Families spend a significant amount time inside their homes, so it is important to ensure it is a safe environment.
The number one cause of injury in the home is from falling. According to the National Safety Council, nearly one third of all non-fatal injuries in the U.S. occur at home. Most of the time, the injuries from falls are not serious. But a fall for an elderly or disabled person can cause life-changing injuries or even be fatal.
Falls can be caused by several different issues in the home. But if homeowners are aware of these issues, falls can be avoided. Fix uneven stairs and secure loose carpeting. And remove items stored on stairs that can be trip hazards. Be sure handrails are properly installed on all staircases in case someone takes a misstep. Keep wet locations, such as bathrooms and kitchens, clean and dry to avoid slips and falls.
There are environmental concerns inside the home involving air quality. Outside air often is cleaner than inside. Because most homes are more air-tight than they used to be, there is not as much fresh air inside. Opening a window early in the day or in the evening can help remove stale air. Many cleaning products, air fresheners, laundry additives and dryer sheets contain chemicals that cause reactions in some people, even though they are considered safe to use. It is important to be cautious of introducing too many compounds into the home.
Every home should be tested for radon. Radon is a naturally occurring gas that may cause lung cancer in elevated concentrations or with long-term exposure. Because it is odorless, homeowners do not know if radon is present unless the home is tested for it. A short-term test can be performed during the homebuying process, which provides a snapshot of the radon level over a two-day period. But because radon fluctuates day-to-day and season-to-season, a long-term test over a period of three months to one year is a good idea, as well. If radon is found, it needs to be professionally mitigated.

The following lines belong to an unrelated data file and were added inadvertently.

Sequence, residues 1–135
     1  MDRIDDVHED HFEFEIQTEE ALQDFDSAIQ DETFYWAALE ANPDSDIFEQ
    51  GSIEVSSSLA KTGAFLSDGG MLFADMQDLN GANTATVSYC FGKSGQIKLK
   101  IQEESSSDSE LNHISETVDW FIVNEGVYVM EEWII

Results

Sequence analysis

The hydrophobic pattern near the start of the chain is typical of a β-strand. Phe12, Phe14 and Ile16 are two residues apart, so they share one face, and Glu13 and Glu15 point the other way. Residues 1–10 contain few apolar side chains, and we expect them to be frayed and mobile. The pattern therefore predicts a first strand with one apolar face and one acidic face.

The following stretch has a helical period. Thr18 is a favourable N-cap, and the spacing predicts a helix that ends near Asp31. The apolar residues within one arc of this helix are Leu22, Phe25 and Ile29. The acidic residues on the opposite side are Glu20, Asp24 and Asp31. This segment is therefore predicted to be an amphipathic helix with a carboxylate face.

Another odorless gas sometimes found in the home is carbon monoxide (CO). CO is produced from byproducts of combustion, such as natural gas, oil, wood, kerosene, charcoal, tobacco products, internal combustion engines and even our own bodies. CO replaces oxygen in the blood, which can cause headaches, nausea, vomiting, dizziness and fatigue. In high concentrations, it will cause death. Because cars emit extremely high CO, never warm up a car in an attached garage even with the garage overhead door open. In an attached garage, fumes can quickly spread to the house. Every home should have working carbon monoxide detectors on each level or wherever required by local jurisdictions to warn homeowners of CO leaks.
Working smoke alarms are essential in a safe home. The two most common types of smoke alarms are ionization and photo electric. Opinions vary as to which is preferred. Ionization detectors are better for detecting blazing fires. Photo electric detectors are better at detecting smoldering fires, which are probably the more common and deadly type of fire in homes. Batteries should be replaced regularly per manufacturer's recommendation.
Gasoline, kerosene and oil should never be stored inside the home. All combustible materials, such as paper products, fabrics and chemicals should be kept away from all heat sources, including furnaces, water heaters and space heaters.
Schedule a Home Inspection
Periodic inspection of the entire home is recommended every few years. An ASHI home inspector will talk about many of these potentially unsafe conditions to help homeowners enjoy a safe environment. Find an ASHI home inspector in your area to schedule a home inspection and improve your home maintenance.